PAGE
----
Throwback Thursday: Winterizing Your Food Truck

Winterizing

Fall is here, which means winter is right around the corner.

That might be music to your ears because it means the offseason is on the horizon, and after working double-digit hours basically every day, a much-needed break is almost here. For others, business might pick up during the holidays/winter — it just depends on your food truck situation.

With that in mind, if you want your food truck to be in tip-top shape this winter (or once spring rolls around assuming you close down shop), then you have to take the necessary steps to winterize your food truck. In Throwback Thursday fashion, we are about to go back in time to an article that specializes in winterizing mobile kitchens, and it can be found below.

While we are including a preview of the article and a link, make sure to dive into the entire article by clicking on said link. Surely, your food truck will thank you, if you will, this winter.

Throwback Thursday: Winterizing Your Food Truck

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Nine Ways to Winterize Your Food Truck

‘Tis the season of giving—did you remember to add your food truck to your gift list this year? With temperatures dropping and snow starting to fall, your food truck deserves a little extra special something. Before you head out on the road to meet your legions of hungry fans, make sure your food truck is in tip-top shape with these nine important winterization precautions.

While we don’t want to give all of the material away, below you will find three of the ways to winterize your food truck.

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Side Hustle

1. Invest in Quality Snow Tires

If the streets in your area are frequently covered in white like a powdered sugar doughnut, you might want to think about switching your truck’s regular tires with snow tires during the winter. Generally, snow tires have special tread patterns that make it easier to avoid slipping and sliding during inclement weather. Because they are usually made with softer rubber than typical tires, they also stay more flexible on even the coldest days. The added flexibility gives you greater traction and better control over your vehicle, which is especially important when you’re negotiating tight turns and working to fit your truck into a tight spot.

Check out websites like TireRack.com, where you can research snow tire traction, learn about performance tests, and find the best tires for your truck. With snow tires giving your truck extra protection all throughout the winter, you’ll always be prepared to meet your loyal customers—freezing rain or shine.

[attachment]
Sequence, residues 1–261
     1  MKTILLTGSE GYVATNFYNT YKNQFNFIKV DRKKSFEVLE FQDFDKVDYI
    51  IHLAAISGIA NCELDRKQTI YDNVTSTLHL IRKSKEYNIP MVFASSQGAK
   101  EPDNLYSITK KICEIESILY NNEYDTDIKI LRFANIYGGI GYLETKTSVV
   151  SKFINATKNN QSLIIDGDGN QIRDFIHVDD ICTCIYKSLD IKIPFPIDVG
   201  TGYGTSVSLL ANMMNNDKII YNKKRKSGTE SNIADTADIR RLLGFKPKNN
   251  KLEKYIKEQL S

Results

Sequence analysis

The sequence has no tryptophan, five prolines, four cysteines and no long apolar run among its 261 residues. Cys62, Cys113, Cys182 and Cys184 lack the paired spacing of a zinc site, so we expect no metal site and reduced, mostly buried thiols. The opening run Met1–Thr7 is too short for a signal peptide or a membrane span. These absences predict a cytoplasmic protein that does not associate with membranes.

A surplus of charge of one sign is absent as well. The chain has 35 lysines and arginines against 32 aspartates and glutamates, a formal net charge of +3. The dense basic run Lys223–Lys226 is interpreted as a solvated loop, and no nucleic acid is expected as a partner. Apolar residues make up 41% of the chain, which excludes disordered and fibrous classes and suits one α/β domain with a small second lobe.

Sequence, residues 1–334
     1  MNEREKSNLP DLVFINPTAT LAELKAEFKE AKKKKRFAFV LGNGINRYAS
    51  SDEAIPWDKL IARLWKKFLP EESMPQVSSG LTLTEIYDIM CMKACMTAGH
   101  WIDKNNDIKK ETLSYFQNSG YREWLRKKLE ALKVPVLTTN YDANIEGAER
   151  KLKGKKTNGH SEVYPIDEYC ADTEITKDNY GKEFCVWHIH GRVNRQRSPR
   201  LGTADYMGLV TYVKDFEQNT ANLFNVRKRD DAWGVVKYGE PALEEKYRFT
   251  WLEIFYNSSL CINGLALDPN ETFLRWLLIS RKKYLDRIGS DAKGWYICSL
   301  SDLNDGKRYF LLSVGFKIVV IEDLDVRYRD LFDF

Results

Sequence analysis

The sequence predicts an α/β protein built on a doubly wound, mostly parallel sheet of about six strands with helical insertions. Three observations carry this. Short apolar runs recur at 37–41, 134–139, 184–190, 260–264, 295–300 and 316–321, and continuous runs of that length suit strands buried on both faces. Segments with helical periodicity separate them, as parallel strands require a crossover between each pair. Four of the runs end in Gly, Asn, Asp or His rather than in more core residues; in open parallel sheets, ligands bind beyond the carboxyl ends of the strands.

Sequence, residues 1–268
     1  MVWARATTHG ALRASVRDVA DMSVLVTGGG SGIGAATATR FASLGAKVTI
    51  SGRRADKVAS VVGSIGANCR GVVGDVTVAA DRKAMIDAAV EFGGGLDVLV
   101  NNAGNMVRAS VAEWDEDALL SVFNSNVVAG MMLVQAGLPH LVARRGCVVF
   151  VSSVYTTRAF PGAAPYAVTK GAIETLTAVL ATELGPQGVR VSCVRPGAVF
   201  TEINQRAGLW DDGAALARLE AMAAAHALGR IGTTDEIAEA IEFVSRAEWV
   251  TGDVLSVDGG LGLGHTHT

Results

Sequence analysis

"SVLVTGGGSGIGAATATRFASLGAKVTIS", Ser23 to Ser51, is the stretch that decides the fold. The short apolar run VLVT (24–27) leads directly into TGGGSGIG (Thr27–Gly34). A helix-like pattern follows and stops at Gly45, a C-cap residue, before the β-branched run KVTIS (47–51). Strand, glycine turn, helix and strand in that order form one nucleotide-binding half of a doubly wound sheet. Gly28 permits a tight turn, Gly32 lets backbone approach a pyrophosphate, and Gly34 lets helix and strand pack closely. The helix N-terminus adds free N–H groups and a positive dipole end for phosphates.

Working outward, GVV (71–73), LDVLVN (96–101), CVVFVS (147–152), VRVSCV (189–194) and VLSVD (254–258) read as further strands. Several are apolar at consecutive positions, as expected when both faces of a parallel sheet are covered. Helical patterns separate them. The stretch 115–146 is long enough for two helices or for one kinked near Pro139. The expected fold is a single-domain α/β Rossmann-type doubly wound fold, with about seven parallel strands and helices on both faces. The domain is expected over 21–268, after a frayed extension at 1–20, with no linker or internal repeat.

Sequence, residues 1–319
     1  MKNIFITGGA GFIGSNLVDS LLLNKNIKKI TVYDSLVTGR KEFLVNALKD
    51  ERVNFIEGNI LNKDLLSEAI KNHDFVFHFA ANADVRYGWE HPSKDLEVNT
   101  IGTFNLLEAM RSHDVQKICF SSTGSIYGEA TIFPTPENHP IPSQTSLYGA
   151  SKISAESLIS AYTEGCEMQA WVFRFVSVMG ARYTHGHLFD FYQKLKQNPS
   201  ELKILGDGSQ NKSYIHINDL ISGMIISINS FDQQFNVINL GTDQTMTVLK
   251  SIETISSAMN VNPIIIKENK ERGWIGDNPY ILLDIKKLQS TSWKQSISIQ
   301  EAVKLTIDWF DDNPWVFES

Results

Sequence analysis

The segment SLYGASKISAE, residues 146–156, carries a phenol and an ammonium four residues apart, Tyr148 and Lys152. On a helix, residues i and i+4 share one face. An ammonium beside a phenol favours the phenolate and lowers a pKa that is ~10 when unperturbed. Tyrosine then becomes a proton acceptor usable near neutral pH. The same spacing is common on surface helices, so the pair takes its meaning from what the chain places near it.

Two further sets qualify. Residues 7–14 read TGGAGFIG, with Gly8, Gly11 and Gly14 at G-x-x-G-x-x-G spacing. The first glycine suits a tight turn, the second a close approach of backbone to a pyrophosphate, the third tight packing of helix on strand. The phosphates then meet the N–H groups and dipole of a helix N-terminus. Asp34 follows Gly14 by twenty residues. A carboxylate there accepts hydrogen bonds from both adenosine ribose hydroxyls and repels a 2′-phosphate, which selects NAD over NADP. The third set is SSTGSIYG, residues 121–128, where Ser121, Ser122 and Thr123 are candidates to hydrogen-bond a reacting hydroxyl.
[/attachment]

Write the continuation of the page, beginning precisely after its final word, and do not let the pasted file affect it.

2. Monitor Your Tire Pressure Regularly

Flat tires are the pits. An inconvenience to anyone driving a regular car, a flat can quickly become a devastating loss of business for a food truck owner. That’s not good this time of year. So, during the winter, you need to monitor your tire pressure carefully because cold weather makes the air pressure in your tires dip. You could lose up to 1PSI for every 10 degrees the temperature drops—and when your tires are low on air, you’re much more likely to get a flat. Properly inflated tires also distribute the weight of your truck more effectively and help you get better traction on the road in order to keep you safer during snowy, wet, or foggy driving conditions. Get yourself into the habit of checking your tires first thing each morning when temperatures are often the coldest.

Looking to take your food truck business to the next level? If so, then The Food Truck Growth Kit has your name written all over it!

3. Maintain Belts and Hoses

You know how your belt feels a little tighter after Thanksgiving dinner—almost like the leather might burst? Well, cold temperatures can do the same thing to the belts inside your food truck, adding extra strain that makes them likely to stretch and snap. To get your truck ready for a long, chilly winter, have your mechanic look at all of the belts and hoses to make sure everything is still in good shape. If your city is experiencing a particularly cold winter, it’s also a good idea to perform an additional mid-season check in January. A snapped belt might not seem like a major catastrophe, but it’s the type of maintenance problem that can put your truck out of commission until an expensive tow truck or on-site mechanic shows up to get you rolling again.

Winterizing

READ the entire article HERE.

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We hope you enjoyed this week’s edition of Throwback Thursday. Until next week, good luck conquering your goals in this wonderful industry!

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